CHILD PASSENGER SAFETY (PDF)

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					                                                                  INJURY AND VIOLENCE PREVENTION PROGRAM
                                                                                                                    FACT SHEET
                                                                                                                       January 2008


                        Carpal Tunnel Syndrome Exercises
Carpal tunnel syndrome is a painful progressive condition caused by compression of a key nerve in the wrist. It
occurs when the median nerve, which runs from the forearm into the hand, becomes pressed or squeezed at the
wrist. Symptoms usually start gradually, with pain, weakness, or numbness in the hand and wrist, radiating up the
arm. As symptoms worsen, people might feel tingling during the day, and decreased grip strength may make it
difficult to form a fist, grasp small objects, or perform other manual tasks. In some cases no direct cause of the
syndrome can be identified. Most likely the disorder is due to a congenital predisposition - the carpal tunnel is simply
smaller in some people than in others. However, the risk of developing carpal tunnel syndrome is more common in
those performing assembly line work or computer work. The exercises below are intended to help prevent carpal
tunnel syndrome. A quick five minute exercise warm-up before starting your work day can help prevent work-related
injuries.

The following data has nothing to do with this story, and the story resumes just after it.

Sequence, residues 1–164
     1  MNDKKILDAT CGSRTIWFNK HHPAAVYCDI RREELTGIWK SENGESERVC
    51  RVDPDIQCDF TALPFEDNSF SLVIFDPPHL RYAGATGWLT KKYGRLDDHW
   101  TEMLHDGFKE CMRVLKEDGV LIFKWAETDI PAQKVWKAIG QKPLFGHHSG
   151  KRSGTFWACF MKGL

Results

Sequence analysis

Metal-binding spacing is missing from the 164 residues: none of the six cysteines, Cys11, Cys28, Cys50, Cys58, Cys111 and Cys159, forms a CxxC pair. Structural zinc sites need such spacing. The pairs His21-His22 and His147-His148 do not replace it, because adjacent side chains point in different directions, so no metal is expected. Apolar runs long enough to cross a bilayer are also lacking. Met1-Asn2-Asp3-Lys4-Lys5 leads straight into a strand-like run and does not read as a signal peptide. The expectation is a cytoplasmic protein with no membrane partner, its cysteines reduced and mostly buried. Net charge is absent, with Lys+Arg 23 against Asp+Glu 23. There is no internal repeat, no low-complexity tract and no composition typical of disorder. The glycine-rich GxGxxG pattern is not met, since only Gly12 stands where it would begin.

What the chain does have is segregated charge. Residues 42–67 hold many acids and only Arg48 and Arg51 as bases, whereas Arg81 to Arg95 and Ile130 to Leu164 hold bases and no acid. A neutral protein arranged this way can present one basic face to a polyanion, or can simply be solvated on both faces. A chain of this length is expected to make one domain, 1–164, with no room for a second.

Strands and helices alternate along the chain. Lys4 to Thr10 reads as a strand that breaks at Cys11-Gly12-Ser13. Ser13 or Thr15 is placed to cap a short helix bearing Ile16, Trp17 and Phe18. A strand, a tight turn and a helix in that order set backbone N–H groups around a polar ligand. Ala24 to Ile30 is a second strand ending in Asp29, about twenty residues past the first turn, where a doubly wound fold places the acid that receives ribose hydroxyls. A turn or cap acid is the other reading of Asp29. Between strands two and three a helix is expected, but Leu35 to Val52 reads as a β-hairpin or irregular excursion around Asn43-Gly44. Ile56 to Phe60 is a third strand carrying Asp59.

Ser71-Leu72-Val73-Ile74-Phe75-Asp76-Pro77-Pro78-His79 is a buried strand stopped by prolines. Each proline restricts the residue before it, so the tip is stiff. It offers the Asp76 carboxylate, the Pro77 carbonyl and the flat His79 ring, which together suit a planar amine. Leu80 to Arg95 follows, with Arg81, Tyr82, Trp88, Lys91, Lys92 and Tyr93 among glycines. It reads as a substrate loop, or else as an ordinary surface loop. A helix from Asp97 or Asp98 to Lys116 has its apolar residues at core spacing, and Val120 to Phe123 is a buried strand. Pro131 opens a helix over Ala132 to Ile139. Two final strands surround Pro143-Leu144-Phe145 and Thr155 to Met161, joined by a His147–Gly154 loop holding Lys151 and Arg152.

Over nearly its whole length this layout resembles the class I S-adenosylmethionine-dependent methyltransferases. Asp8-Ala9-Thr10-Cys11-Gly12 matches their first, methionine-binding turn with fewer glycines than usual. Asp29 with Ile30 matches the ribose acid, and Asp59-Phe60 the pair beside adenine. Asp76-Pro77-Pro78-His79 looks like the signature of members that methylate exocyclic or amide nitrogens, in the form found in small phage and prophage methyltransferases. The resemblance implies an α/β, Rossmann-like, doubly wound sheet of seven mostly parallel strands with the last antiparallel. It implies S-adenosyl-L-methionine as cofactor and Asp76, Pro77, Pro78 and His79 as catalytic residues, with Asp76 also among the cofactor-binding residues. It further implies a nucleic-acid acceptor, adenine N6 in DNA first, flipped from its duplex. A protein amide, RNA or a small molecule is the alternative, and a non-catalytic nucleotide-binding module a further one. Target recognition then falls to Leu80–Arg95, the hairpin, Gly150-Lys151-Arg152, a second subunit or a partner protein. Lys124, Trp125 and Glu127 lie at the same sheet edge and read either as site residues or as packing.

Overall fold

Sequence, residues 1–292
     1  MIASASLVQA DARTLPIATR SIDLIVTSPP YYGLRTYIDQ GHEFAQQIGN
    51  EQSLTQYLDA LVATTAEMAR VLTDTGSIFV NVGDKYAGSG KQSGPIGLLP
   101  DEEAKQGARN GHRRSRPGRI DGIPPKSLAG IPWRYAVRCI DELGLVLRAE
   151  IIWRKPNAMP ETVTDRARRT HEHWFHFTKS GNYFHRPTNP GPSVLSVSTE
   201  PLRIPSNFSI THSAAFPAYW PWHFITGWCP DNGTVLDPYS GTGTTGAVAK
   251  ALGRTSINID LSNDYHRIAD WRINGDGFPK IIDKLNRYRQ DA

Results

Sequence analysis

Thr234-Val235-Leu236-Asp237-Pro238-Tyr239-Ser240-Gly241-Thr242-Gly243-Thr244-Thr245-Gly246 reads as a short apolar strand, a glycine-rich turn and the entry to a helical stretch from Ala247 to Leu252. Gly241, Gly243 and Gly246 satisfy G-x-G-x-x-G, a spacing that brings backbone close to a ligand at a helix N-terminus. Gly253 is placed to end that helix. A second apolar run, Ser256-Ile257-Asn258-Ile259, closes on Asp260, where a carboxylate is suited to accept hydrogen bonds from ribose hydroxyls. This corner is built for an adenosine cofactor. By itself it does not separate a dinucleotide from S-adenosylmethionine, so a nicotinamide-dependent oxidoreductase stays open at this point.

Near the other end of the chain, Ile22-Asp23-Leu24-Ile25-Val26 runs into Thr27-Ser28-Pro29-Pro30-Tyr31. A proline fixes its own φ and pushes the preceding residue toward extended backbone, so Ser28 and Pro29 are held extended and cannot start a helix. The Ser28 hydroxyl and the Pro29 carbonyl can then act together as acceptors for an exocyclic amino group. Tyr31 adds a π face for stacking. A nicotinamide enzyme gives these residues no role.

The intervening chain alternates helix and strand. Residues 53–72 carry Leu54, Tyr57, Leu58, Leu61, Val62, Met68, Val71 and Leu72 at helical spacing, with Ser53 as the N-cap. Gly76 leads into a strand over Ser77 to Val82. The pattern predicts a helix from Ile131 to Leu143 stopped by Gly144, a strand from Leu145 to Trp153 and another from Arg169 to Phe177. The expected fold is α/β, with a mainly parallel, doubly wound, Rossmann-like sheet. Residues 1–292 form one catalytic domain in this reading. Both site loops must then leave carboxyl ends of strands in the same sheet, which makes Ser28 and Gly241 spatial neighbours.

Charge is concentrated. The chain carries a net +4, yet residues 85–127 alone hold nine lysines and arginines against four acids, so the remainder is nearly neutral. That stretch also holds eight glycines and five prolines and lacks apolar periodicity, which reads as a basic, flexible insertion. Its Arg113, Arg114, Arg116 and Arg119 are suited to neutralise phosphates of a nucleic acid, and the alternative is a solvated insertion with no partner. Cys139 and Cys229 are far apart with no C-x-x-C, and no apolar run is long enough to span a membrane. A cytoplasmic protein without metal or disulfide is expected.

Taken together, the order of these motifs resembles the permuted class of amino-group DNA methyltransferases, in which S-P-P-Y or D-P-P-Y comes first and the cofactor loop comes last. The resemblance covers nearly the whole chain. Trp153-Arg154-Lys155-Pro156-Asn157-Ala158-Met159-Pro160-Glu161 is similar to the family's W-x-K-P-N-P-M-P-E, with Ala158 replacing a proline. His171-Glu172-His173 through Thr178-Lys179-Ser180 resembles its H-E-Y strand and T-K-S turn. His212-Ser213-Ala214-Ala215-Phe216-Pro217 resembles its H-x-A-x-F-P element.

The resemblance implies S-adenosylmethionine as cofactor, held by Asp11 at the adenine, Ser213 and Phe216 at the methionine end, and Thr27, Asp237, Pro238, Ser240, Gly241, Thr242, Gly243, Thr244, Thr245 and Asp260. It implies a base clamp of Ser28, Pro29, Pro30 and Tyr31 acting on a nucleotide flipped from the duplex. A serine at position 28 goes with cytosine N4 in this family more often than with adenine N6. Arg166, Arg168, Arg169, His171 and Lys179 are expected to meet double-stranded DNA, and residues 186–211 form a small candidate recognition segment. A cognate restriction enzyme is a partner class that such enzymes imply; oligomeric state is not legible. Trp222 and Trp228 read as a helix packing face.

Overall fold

A. Extend and stretch both wrists and fingers acutely as if they are in a hand-stand position. Hold for a count of 5.
B. Straighten both wrists and relax fingers.
C. Make a tight fist with both hands.
D. Then bend both wrists down while keeping the fist. Hold for a count of 5.
E. Straighten both wrists and relax fingers, for a count of 5.
F. The exercise should be repeated 10 times. Then let your arms hang loosely at the side and shake them for a few
seconds.




*The information provided is not intended as a substitute for medical professional help or advice but is to be used only as an aid to help
reduce the risk of Carpal Tunnel Syndrome. A physician should always be consulted for any health problem.

 Some portions adapted from: Office of Research Services, Division of Safety, National Institutes of Health; and the University of Oklahoma
                                           Orthopaedic & Reconstructive Research Foundation



                            Los Angeles County, Department of Public Health, Injury & Violence Prevention Program
                                        3530 Wilshire Boulevard, Suite 800, Los Angeles, CA 90010
                                                 (213) 351-7888 [www.lapublichealth.org]

				
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